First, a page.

"All evil, truly, comes from ignorance. "

The main reason this seems so counter-intuitive is because nowadays we think of knowledge in terms of abstract propositions and specialist subjects that have very little to do with global politics or the state our own souls; but, in reality, all wisdom is of a practical nature, concerned not with narrow specialties, but with the Whole. The fact that it is really ignorance that drives people to do harmful things is also testified by the striking facts, firstly that they generally are none-too-bright when properly examined, and secondly, of their general striking unhappiness and pessimistic attitude towards life (it should also be noted that because everyone is so harmful anyway, since we are only harming the harmful it doesn't make much difference to the overall well-being of the species. It is only when human beings attain a rational perception of the Good, or some genuine kindness and at least the more intermediate awareness of it I mentioned above... or when we recognize their potential to do so, that they become really lovable to us.) . Philosophers, -or at least the best ones- on the other hand, (corroborating this theory) though they often make mistakes like everyone else, as a rule tend to be actually - in fumbling sort of way - usually quite saint-like (even Nietzsche, although he wouldn't have liked that designation... but that only shows how fastidious he was in being above honorific epithets that most people would sell their soul for, and do) , or at least considerably more morally fastidious and more gentle than average, including much more so that many other high-status members of society, such as priests and psychiatrists, both of whom are notorious not only for their amazing ignorance, but also for their sexual abuse and self-serving control tactics.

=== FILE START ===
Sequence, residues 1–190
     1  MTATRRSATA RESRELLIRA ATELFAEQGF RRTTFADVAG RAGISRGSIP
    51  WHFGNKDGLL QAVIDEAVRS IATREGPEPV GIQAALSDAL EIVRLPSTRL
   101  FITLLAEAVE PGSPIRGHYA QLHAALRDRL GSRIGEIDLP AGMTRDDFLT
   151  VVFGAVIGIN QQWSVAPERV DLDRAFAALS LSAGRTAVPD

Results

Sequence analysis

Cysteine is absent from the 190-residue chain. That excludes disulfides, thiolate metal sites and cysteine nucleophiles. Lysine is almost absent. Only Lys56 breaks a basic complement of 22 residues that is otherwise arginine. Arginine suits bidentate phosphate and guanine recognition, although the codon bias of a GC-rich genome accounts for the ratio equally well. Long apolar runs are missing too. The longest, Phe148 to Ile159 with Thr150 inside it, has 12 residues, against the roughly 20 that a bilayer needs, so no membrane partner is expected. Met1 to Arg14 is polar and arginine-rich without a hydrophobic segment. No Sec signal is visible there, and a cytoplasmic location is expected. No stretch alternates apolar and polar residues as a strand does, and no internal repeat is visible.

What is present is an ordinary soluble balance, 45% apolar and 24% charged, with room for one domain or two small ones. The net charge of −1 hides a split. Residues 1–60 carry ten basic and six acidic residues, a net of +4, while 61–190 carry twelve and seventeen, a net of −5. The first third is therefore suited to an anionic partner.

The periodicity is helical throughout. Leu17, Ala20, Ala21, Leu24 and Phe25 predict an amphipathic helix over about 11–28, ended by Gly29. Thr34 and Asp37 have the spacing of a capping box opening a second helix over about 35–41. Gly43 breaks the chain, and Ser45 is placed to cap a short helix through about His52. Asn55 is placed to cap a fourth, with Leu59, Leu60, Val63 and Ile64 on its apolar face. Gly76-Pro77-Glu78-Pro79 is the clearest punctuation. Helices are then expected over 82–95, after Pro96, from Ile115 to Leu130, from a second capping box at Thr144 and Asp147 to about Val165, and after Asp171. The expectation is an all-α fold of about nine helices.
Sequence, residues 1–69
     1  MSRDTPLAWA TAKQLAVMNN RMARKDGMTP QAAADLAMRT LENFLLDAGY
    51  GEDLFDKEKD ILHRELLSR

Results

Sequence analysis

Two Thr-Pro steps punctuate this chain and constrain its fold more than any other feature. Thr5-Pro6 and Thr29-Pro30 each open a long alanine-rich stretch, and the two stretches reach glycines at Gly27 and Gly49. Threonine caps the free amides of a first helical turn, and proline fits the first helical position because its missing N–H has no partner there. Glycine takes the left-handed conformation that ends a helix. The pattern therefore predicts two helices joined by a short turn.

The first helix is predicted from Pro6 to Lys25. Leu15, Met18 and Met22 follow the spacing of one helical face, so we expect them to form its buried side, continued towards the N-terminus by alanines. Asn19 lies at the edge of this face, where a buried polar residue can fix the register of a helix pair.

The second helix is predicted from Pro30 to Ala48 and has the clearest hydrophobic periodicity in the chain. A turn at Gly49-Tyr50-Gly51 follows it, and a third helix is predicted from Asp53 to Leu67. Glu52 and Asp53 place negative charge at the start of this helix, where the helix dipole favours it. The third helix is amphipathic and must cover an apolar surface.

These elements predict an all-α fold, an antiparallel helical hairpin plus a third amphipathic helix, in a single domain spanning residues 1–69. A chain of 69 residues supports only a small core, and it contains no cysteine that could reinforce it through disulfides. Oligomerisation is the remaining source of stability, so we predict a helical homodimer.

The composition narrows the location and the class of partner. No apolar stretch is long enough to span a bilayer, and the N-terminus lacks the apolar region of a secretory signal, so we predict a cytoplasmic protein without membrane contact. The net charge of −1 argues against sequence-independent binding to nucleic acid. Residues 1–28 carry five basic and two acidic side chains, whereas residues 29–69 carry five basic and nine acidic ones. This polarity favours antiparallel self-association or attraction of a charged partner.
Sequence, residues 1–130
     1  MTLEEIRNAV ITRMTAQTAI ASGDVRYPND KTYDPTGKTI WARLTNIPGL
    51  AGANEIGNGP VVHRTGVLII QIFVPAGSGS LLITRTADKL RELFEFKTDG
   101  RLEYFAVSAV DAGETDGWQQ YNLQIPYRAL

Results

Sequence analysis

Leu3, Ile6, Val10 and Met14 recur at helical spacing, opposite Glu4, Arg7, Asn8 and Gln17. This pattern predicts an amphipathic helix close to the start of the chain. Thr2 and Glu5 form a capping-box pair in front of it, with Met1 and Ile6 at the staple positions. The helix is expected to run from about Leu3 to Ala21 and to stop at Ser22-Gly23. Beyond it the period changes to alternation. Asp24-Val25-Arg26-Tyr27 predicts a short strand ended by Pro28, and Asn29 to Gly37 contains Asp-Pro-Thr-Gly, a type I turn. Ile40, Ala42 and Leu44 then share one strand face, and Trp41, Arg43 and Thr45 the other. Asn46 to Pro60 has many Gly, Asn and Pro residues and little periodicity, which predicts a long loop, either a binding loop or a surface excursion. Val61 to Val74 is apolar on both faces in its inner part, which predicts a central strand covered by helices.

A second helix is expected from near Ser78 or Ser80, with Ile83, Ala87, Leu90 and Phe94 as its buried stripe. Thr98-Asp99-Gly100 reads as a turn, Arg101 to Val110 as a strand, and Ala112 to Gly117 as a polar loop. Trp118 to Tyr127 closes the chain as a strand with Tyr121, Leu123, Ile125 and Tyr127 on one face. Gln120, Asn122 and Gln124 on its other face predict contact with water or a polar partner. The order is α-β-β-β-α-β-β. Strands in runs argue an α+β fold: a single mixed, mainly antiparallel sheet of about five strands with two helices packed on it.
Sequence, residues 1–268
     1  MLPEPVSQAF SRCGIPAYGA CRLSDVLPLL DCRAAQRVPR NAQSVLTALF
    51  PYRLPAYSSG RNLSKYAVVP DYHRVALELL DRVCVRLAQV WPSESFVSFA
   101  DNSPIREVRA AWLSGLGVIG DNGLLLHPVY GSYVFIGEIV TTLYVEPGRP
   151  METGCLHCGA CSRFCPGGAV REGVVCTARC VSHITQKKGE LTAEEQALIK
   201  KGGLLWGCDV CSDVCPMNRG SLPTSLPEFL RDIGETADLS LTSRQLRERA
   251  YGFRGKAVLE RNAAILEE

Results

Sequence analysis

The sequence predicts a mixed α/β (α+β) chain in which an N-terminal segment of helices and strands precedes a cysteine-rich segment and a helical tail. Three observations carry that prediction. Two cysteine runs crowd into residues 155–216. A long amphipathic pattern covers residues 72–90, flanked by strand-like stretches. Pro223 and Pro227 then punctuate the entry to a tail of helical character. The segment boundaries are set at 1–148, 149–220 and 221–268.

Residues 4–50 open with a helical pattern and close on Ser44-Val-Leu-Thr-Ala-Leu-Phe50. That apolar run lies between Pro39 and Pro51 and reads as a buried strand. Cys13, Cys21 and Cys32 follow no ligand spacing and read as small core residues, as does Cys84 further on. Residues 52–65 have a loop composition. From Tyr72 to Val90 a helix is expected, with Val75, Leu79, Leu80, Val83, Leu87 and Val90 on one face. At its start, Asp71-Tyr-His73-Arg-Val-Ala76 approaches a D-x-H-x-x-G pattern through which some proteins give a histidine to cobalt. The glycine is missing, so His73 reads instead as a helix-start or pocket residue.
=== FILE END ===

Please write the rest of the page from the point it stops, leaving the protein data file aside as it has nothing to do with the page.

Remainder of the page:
It is important to note that philosophy, as I'm speaking of it, is not just about the latter, outer rims of the concentric circles I mentioned at the beginning, but also about knowledge of the Self, which I mentioned as one of the two most important stacked layers (in fact this is THE most important layer of all). In so far as a person has self-knowledge, some genuine knowledge of the soul and its needs, they are therefore akin to philosophers. That is why people who are quite ignorant of global politics can still be much happier and kinder than most other people, if they have some true insight about themselves and therefore also the needs of other individuals.


The world does need a "Caesar with the soul of Christ" - someone who combines knowledge of grand politics and the human soul-; but, failing that, a Christ (or many Christs - real Christians - , as many as possible) will do nicely.

Philosophers, in general, when they aren't making headway into the nature of the Whole itself, are traditionally concerned only with doing the one thing they know to bring real happiness and good-will - spreading philosophy (inquiry into the nature of the Whole, but particularly the Self, as above) to as many people who are capable of it and who will listen.


Because that is the only thing that can save us." - Max J. Lewy